The parties also disputed whether the “means for automatically taking up lash between said system and an engine valve component” in Claim 11 is a function for which the specification discloses the requisite structure.  While JVS argued that the specification links various components to the function, FCA countered that the function can be performed by many different structures and thus was indefinite.  The ALJ agreed that the claimed function is indefinite because “[t]he specification repeatedly describes automatic lash adjustment through the act of leaking oil, but it fails to identify a specific structure that performs that function . . . .”  Nothing in the specification “clearly links or associates” those structures identified by JVS to the automatic lash adjustment.

The ‘282 Patent

The ’282 patent is directed to a valve actuating system for controlling the operation of an engine valve.  The parties disputed whether the “trigger valve,” appearing in several claims, requires an electronic activating signal and whether the activating signal directly moves a “blocking/unblocking member” that controls the flow of hydraulic fluid. JVS contended that the movement of the blocking/unblocking member must be controlled electronically because the specification references energizing the member to open it.  JVS further supported this position by referencing the prosecution history of the ’282 patent and other patents in the art. FCA, on the other hand, contended that the “trigger valve” could also be hydraulically or mechanically activated and that the specification requires the blocking/unblocking member to be responsive to a signal but does not require direct movement of the member.  ALJ Essex found the term “trigger valve” to mean “a valve configured to block and unblock hydraulic fluid responsive to an activating signal.”  He rejected JVS’s position that the trigger valve had to be electronically-actuated because such a reading would render the other claim term “solenoid activated” superfluous.  Furthermore, the ALJ rejected JVS’s argument that all but the electronically-actuated trigger valves were disclaimed during prosecution.  Instead, the ALJ found that only mechanical valves with fixed timing were disclaimed, not hydraulic or other non-fixed timing activated triggers.  The ALJ also dismissed JVS’s claim construction that a “blocking/unblocking member” must be “directly move[d]” as a result of activation.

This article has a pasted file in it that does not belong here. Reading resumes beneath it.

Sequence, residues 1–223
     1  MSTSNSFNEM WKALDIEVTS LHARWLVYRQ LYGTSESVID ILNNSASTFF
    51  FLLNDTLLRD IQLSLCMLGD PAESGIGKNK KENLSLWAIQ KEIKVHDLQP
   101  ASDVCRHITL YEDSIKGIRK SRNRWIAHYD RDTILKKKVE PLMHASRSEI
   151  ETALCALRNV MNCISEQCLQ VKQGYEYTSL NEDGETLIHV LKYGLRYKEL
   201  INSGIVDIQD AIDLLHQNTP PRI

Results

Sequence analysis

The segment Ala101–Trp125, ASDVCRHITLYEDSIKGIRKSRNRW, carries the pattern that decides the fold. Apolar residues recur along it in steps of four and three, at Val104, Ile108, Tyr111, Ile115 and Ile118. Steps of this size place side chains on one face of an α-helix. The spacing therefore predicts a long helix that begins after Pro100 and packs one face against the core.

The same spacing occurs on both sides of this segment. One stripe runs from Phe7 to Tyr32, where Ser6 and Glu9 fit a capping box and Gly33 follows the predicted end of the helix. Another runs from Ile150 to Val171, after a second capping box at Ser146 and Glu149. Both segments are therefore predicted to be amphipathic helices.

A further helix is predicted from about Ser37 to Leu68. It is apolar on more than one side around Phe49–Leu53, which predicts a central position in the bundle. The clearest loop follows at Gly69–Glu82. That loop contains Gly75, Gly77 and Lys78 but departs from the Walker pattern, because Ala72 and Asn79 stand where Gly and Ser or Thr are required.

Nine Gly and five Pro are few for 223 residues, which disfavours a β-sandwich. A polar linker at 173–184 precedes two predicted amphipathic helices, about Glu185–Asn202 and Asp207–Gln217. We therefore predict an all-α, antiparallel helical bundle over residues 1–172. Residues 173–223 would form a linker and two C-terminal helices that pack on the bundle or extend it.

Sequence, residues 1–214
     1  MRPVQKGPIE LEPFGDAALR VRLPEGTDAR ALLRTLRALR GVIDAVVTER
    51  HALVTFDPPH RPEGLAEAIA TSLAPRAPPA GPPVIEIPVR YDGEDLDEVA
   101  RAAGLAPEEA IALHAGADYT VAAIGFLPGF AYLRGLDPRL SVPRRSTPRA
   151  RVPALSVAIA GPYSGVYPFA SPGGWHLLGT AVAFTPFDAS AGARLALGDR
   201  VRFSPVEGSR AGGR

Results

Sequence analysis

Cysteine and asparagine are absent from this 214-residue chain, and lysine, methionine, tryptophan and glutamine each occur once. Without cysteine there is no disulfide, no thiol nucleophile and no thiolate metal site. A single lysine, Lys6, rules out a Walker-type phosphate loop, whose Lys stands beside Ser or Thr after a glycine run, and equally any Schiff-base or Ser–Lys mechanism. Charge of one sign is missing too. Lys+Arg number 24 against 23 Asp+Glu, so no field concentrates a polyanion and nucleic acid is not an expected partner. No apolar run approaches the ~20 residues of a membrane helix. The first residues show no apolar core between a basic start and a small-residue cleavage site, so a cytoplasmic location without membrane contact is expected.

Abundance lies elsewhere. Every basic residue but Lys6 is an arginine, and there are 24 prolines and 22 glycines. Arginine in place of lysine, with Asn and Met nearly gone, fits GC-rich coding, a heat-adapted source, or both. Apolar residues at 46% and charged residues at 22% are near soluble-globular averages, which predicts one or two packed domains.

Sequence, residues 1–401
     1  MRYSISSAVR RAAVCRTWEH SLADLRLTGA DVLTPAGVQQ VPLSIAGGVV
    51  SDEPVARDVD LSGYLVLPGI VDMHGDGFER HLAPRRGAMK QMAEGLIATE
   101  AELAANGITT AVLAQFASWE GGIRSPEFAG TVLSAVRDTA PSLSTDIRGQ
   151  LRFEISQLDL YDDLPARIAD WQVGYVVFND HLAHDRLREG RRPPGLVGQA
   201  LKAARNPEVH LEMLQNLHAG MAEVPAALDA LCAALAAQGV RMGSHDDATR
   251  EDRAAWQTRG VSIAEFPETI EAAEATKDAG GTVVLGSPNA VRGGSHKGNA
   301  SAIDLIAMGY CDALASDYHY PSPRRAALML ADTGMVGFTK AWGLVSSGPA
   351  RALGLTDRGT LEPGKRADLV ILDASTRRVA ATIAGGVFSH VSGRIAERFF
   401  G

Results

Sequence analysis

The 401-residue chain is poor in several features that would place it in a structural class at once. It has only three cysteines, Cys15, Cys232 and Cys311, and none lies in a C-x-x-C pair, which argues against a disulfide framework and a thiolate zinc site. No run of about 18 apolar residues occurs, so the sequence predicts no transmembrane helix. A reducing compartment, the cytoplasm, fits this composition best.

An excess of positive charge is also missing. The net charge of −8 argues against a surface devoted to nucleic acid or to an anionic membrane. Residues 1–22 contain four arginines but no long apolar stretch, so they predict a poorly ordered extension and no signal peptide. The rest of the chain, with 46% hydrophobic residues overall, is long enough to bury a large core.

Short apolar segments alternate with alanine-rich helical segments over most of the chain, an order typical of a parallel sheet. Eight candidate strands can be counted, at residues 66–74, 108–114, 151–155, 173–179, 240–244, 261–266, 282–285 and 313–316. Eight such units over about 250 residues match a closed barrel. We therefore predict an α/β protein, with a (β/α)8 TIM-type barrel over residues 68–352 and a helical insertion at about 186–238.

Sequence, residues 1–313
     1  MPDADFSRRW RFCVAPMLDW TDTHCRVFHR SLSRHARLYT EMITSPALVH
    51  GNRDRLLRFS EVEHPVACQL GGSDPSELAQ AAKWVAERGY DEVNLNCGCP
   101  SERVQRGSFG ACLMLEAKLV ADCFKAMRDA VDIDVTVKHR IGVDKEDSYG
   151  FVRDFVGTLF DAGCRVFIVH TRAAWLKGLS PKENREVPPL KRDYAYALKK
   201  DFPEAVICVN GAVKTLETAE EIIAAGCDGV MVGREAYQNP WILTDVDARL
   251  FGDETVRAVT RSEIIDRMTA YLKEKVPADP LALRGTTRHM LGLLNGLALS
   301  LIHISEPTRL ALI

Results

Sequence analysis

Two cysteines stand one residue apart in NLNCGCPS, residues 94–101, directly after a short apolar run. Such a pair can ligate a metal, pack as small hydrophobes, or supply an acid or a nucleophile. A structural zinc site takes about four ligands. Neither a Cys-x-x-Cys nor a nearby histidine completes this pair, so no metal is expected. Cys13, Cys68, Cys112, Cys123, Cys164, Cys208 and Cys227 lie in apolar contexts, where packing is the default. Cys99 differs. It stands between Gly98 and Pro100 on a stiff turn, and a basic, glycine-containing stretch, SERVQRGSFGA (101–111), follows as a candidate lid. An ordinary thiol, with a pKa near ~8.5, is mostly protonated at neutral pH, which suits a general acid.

The parties further disputed whether the specification of the ’282 patent disclosed a master-slave piston arrangement claimed by Claim 1’s means-plus-function language: “means for hydraulically varying the amount of engine valve actuation,” as proposed by JVS.  FCA contended that “the specification does not clearly link the master/slave piston arrangement described in the background section to the means-plus-function limitation because the specification’s background section describes the prior art master/slave piston arrangement and the problems associated with it.”  The ALJ agreed with FCA that the master/slave piston arrangement is not clearly linked to the claim function.  The ALJ further held that “a person of ordinary skill in the art . . . would have understood the structure for the claimed function to be the pivoting bridge and piston arrangement as opposed to the master/slave arrangement” and that the “specification as a whole described the invention as the pivoting bridge and piston arrangement with only one mention of the master/slave arrangement in the background section.”

Similarly, JVS and FCA disputed whether the structure for a “means for actuating the engine valve responsive to the operation of the trigger valve” of Claim 13 is associated with the control piston or the master-slave arrangement.  For the same reasoning applied to the aforementioned means-plus-function language of Claim 1, the ALJ found Claim 13 discloses a pivoting bridge, piston arrangement and a motion means disclosed in one of the figures.